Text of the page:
Figure 2 | AMR and Edelstein spin-orbit torque in antiferromagnets. a, Measurement of AMR in MnTe. Top left: the crystal and magnetic structure of MnTe. Top right: The AMR signal obtained by field-cooling in magnetic fields with various directions. The measurement is done in zero magnetic field. Bottom: Illustration of the field-cooling procedure, which results in a distribution of magnetic domains between the 3 magnetic easy axis (bottom right). From ref. 52. b, Illustration of the Edelstein effect. Top: Fermi surface of a system with spin-orbit coupling in equilibrium. Bottom: Applied electric field causes a redistribution of electrons which results in a non-equilibrium spin-polarization. Adapted from Ref. 4. c, Crystal and magnetic structure of Mn2Au. d, Left: Electrical switching by the Edelstein spin-orbit torque in CuMnAs demonstrating the multi-level stability and reproducibility of the results. For the measurement a series of three pulses was alternatively applied along perpendicular directions. Right:, Histogram of the six different states, obtained from 50 repetitions of the pulse sequence. All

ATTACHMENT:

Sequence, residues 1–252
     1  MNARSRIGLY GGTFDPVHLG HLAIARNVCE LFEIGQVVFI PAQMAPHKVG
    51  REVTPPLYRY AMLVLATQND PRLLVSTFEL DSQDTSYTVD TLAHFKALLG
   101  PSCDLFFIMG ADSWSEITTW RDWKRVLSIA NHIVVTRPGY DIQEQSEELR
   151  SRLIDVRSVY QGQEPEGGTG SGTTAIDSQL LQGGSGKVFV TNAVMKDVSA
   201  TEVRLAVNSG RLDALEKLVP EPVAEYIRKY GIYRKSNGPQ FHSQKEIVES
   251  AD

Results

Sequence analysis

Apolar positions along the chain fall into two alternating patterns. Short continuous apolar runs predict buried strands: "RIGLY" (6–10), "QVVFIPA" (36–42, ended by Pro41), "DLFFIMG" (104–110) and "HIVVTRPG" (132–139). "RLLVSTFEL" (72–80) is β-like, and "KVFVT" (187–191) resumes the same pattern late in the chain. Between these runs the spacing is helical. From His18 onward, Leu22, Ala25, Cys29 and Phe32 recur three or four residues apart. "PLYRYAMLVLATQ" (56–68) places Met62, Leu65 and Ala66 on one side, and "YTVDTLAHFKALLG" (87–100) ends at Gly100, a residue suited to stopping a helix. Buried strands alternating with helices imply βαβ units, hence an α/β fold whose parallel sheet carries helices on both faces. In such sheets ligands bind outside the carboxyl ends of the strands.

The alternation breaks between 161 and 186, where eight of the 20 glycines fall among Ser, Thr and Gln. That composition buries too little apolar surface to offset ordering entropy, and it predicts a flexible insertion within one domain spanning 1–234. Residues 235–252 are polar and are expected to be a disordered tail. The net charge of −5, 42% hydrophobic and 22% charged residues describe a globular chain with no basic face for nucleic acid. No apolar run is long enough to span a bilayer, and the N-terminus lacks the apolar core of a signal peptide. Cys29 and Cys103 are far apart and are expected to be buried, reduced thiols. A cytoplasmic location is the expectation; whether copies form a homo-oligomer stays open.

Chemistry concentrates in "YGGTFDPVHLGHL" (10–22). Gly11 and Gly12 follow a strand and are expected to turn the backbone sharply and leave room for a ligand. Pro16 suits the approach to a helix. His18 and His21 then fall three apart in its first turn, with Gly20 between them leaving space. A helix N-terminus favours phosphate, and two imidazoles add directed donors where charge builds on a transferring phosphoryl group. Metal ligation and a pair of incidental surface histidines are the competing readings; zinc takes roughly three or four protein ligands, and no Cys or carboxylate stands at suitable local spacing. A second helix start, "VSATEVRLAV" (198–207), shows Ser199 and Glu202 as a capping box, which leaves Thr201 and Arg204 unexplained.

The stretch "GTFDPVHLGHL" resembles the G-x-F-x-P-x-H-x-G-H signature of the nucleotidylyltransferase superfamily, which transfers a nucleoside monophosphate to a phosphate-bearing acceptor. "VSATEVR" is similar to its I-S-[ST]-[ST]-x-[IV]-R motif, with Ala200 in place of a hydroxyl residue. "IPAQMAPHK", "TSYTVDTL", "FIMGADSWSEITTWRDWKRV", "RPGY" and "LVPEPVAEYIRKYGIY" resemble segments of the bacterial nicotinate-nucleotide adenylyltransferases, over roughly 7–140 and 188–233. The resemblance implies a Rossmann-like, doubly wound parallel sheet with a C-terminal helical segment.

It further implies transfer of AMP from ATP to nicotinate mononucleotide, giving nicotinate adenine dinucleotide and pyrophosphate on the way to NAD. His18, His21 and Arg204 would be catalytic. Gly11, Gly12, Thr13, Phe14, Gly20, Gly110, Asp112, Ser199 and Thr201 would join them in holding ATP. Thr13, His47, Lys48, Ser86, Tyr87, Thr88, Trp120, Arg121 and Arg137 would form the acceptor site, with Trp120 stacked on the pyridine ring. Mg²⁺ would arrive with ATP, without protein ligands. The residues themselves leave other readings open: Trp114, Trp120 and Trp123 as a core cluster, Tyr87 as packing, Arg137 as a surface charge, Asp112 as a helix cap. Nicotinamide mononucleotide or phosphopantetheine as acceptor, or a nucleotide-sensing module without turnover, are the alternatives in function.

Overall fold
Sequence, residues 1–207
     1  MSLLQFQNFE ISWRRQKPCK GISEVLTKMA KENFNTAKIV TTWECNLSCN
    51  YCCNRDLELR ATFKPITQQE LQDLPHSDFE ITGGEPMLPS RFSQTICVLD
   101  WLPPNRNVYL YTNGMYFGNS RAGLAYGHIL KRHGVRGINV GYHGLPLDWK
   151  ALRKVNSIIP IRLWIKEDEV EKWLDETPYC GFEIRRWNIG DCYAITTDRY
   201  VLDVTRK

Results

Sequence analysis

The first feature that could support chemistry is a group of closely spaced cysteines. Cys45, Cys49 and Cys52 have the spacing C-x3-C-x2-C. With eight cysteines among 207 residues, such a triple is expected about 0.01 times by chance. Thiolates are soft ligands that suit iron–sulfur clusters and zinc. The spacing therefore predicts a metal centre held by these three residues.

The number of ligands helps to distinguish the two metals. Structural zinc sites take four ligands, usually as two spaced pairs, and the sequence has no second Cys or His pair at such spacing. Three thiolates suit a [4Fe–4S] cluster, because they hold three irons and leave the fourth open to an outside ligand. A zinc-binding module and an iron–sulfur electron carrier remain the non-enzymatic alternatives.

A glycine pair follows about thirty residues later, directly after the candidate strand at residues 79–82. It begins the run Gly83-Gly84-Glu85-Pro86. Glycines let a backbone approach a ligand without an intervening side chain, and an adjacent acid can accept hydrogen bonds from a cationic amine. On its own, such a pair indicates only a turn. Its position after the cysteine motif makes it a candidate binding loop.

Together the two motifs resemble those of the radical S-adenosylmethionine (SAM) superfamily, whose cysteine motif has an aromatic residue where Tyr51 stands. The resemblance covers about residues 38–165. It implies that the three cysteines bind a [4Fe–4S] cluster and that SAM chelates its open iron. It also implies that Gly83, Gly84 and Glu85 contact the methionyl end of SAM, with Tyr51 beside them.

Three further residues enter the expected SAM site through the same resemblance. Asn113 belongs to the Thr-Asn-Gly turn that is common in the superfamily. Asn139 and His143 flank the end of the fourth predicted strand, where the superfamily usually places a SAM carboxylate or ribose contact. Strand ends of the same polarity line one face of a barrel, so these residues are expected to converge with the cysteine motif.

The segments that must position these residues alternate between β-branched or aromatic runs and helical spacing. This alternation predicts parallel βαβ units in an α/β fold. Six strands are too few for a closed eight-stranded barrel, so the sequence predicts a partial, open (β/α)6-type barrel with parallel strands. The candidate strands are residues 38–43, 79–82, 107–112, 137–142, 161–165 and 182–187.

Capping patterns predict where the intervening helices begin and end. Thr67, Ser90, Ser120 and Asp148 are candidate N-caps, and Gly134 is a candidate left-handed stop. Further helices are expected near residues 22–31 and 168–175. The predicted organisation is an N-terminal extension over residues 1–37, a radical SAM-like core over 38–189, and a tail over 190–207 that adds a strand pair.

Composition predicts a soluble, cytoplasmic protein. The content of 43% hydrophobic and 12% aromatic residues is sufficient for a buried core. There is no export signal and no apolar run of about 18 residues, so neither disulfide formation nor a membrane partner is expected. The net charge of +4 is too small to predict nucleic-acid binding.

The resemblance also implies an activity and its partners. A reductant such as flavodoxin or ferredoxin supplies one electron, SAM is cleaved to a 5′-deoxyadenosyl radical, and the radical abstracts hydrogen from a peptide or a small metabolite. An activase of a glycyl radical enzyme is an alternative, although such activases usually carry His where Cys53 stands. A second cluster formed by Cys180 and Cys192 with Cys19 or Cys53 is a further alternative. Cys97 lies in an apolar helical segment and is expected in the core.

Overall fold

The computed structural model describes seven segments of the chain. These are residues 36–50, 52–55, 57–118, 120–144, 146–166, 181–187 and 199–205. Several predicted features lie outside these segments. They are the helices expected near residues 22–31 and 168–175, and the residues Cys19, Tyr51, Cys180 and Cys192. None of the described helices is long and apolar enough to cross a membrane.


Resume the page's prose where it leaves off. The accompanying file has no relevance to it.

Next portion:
measurements were performed at room temperature. From ref. 79. e, Electrical switching by the Edelstein spin-orbit torque in CuMnAs using a series of 250 ps pulses as a function of the number of pulses. The error bars show a standard deviation of 15 repetitions. From ref. 79.

Figure 3 | Demonstration of microelectronic compatibility of the CuMnAs memory cell. a, Transmission electron miscroscope picture of the epitaxial growth of CuMnAs on GaP. From ref. 79. b, The CuMnAs device used for electrical switching. From ref. 79. c, The electrical switching of CuMnAs in a USB device. From ref. 79.

Figure 4 | SHE and SHE spin-orbit torque in antiferromagnets. a, Crystal structure of antiferromagnets MnX. From ref. 85. b, Schematic of the spin-pumping experiments. Combination of a DC and AC magnetic field induces a precession of the magnetization of the ferromagnetic layer, which causes a spin current flowing in the antiferromagnet. The spin current is then converted to voltage due to the inverse SHE. From ref. 85. c, Voltages detected in the spin-pumping experiment as a function of a DC magnetic field for several MnX antiferromagnets. The total signal contains a contribution from inverse SHE and AMR. From ref. 85. d, Illustration of the exchange bias in antiferromagnet/ferromagnet bilayers, which leads to a memristor like behaviour of the spin-orbit torque switching From ref. 91. e. The experimental setup used for the demonstration of the memristor behaviour. From ref. 98. f, Demonstration of the memristor-like behaviour in the PtMn/[Co/Ni] devices. 0.5 s long current pulses with magnitude varying between –Imax and Imax were applied and the Hall resistance was measured after each pulse. Different values of Imax are denoted by different colours. From ref. 98.